BNAs Corporate Counsel Weekly (subscription required) reports that the SEC has planned a roundtable discussion on the status of shareholder securities litigation to be held in January 2008. According to the BNA report, the roundtable was prompted by a letter from six law professors, including Professor Donald Langevoort of Georgetown, raising concerns that the current system does not work as well it could. Among the concerns the professors raised in their letter are:
- securities fraud settlements typically are funded by the shareholders, directly or indirectly;
- compensation to defrauded investors comes at a “relatively high cost” in lawyers’ fees and related expenses; and
- “the current system does a bad job at deterrence because … settlements almost never come out of the pockets of the managers who allegedly executed the fraud.”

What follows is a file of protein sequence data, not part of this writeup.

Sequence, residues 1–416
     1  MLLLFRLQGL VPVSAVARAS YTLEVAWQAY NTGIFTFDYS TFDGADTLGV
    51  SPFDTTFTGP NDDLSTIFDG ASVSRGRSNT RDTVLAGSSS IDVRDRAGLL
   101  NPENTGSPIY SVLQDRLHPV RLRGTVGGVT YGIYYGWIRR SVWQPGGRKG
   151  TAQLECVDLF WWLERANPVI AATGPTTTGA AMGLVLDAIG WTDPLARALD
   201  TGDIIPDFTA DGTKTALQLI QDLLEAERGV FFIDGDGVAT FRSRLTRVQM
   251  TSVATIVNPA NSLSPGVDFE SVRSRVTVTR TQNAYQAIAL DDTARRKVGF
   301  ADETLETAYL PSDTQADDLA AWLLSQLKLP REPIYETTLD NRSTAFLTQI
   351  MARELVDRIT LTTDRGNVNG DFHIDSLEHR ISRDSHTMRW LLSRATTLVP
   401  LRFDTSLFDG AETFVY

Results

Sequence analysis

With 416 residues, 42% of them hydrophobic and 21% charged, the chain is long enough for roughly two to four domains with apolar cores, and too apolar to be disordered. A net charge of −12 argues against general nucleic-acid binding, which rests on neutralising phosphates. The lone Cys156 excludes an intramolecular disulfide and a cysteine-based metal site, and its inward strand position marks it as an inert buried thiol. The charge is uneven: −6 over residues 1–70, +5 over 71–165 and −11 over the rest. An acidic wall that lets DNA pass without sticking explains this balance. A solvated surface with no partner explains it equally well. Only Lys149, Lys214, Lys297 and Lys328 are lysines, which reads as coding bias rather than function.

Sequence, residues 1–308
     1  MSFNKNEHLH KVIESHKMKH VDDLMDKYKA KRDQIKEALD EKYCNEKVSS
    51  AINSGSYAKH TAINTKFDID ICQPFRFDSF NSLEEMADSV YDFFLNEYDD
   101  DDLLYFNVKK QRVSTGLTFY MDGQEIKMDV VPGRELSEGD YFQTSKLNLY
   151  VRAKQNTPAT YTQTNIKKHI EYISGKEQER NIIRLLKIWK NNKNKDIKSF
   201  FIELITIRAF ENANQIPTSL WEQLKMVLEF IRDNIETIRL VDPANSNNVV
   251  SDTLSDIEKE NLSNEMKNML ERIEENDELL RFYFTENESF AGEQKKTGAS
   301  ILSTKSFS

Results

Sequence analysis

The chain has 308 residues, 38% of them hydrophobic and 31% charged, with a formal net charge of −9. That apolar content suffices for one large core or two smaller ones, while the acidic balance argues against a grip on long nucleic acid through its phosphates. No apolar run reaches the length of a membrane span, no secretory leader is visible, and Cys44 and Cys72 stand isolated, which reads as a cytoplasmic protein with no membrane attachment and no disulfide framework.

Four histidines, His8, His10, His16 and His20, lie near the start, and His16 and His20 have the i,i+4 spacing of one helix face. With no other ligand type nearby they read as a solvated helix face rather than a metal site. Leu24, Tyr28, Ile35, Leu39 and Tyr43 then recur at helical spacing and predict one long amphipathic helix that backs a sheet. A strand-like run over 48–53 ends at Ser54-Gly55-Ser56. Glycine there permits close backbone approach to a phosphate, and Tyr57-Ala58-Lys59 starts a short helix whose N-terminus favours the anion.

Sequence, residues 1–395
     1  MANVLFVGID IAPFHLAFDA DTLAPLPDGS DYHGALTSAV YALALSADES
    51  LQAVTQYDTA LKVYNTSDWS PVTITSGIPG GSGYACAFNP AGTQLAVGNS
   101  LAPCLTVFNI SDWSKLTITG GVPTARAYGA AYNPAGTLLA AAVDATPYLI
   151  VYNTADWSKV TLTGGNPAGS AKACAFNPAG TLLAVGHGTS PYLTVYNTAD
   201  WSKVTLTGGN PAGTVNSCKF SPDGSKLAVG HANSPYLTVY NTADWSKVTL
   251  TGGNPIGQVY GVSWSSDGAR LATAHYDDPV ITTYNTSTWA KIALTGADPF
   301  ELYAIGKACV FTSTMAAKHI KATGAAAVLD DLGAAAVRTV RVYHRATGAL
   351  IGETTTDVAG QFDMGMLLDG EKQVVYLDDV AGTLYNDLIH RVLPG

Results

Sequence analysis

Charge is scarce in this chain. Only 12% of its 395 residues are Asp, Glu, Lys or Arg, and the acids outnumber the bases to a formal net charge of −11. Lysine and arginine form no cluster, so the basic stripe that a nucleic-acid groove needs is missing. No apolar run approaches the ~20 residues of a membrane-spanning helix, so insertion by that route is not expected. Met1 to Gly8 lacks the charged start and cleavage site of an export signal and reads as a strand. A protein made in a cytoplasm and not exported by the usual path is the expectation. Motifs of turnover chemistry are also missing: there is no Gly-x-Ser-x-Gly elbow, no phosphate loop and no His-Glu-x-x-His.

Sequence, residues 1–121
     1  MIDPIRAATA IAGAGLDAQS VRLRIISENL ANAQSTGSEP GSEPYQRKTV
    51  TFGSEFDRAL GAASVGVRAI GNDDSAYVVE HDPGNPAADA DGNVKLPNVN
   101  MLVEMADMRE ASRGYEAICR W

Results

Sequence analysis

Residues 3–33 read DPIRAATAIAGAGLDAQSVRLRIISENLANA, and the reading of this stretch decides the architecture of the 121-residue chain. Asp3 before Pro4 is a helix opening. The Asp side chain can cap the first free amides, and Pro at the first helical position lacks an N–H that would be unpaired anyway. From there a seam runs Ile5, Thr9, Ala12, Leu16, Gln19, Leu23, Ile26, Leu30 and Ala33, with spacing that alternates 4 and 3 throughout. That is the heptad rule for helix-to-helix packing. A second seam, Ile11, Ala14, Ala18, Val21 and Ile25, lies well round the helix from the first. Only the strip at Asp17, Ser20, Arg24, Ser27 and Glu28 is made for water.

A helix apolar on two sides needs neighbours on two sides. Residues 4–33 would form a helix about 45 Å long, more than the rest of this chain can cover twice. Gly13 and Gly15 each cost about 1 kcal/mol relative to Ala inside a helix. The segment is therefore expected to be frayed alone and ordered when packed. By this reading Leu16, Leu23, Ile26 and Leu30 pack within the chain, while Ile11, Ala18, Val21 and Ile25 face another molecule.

All of these are valid and serious concerns. Hopefully, the SEC and roundtable participants will brainstorm to devise ways to address these problems with a more creative approach than further dismantling the securities fraud liability regime. My view (which I present in this article in Iowa Law Review) is that the D&O liability insurance system and the issue of personal liability for individual wrongdoing are the areas most deserving of careful attention for reform.